“In 1945 the Air Base was taken over by the Air Transport Command, so there were no more cadets coming in. The boys stationed out there were flying planes to the war zones and many of them were combat veterans, some having been trained here before they went overseas. Mama left the Cadet Club and went to the Red Cross, where much of her work still involved assistance to service men and their families.
“John Stott served in the European Theatre and Buddy in the Pacific, and Big and Uncle Roy spent much of their time glued to either the cathedral-shaped radio in the kitchen or the other big one in the living room, which was actually two pieces of furniture, one with the controls, the other with the speaker.
By the side of the radio was Uncle Roy’s big old chair, and when he would drive up at 5 o’clock from the Light Plant we knew to get out of his chair and put the newspaper down if we were reading it, because through the years Mama had told us to to.
“They listened to all of the war news while I spent my time on the porch with the small record player I had bought, listening to music by the big bands. This was a period of emphasis on music, partly I am sure because we did not have television and we listened to radio all the time. All of the big bands were playing at the ballrooms around the country, and most of the favorite hits were related to the war in some way: ‘Don’t Sit Under the Apple Tree with Anyone Else But Me,’ ‘He Wears a Pair of Silver Wings,’ ‘Praise the Lord and Pass the Ammunition,’ ‘White Cliffs of Dover,’ ‘You’d Be So Nice to Come Home To,’ and many others. Frank Sinatra was the most popular singer of the time, and when he performed all of the girls would scream and swoon, a forerunner of what was to come later with the Beatles.”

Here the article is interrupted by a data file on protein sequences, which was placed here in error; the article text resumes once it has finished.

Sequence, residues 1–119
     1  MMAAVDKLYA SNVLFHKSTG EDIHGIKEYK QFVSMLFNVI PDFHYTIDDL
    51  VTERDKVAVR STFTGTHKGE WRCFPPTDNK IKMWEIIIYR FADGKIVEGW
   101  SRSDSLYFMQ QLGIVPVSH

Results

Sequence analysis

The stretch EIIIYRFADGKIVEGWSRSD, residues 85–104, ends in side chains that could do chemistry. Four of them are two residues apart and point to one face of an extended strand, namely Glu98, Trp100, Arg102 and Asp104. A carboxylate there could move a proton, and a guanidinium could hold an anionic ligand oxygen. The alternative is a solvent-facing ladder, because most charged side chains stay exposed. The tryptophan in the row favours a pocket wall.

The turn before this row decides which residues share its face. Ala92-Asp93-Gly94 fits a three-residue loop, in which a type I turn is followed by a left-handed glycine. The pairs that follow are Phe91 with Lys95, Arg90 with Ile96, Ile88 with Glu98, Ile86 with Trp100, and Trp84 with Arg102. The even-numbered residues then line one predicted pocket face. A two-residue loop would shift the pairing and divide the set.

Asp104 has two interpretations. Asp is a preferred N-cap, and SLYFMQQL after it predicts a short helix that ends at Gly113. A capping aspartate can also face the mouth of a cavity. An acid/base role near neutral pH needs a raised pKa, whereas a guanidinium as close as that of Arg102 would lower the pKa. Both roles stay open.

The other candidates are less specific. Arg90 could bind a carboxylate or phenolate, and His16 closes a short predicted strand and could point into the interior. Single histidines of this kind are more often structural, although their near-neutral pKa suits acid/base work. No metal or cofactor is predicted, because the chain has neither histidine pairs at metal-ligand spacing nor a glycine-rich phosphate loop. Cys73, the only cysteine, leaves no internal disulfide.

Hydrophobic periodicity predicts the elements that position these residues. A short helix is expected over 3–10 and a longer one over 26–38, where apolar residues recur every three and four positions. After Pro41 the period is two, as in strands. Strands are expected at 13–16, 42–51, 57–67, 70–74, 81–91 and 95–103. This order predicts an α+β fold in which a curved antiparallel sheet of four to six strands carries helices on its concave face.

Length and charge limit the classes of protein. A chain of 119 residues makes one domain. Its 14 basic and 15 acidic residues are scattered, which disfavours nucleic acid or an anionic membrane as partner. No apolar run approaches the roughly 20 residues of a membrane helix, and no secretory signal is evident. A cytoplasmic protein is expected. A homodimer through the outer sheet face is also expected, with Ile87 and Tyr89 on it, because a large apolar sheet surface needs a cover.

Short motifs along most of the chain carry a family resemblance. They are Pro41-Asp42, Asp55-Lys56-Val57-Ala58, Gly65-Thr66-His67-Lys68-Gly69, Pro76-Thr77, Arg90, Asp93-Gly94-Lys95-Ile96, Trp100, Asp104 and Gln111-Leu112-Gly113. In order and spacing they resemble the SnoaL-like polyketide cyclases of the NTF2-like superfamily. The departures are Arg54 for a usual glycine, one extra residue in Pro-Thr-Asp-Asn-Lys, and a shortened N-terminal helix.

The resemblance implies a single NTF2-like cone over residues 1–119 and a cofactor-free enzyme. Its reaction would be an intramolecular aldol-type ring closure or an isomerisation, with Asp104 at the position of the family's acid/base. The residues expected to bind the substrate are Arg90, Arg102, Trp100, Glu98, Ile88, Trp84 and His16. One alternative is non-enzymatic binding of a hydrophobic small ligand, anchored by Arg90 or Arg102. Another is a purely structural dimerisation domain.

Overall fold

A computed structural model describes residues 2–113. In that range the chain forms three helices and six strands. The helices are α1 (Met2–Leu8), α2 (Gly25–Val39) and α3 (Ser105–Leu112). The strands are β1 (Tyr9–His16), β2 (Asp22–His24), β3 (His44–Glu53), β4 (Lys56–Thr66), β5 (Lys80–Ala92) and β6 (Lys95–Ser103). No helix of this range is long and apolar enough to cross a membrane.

Sara progressed from her little record player to transistor radios, TV shows like “Sing Along with Mitch,” cassette tapes (she skipped 8-tracks) and finally CDs. We gave her every collection we could find of Big Band music, Perry Como, Tony Bennett, Bing Crosby, and anyone who could croon and rhyme “swoon” with “moon.” She loved them all and kept them going almost constantly as she got older. Russell was an Engelbert Humperdinck fan and the Beatles nearly did him in. In her last years, Sara tagged on with her younger granddaughter, Emily, as Michael Ball’s American groupies, primarily because this guy knew how to sing, and he sang her songs. Simple pleasures.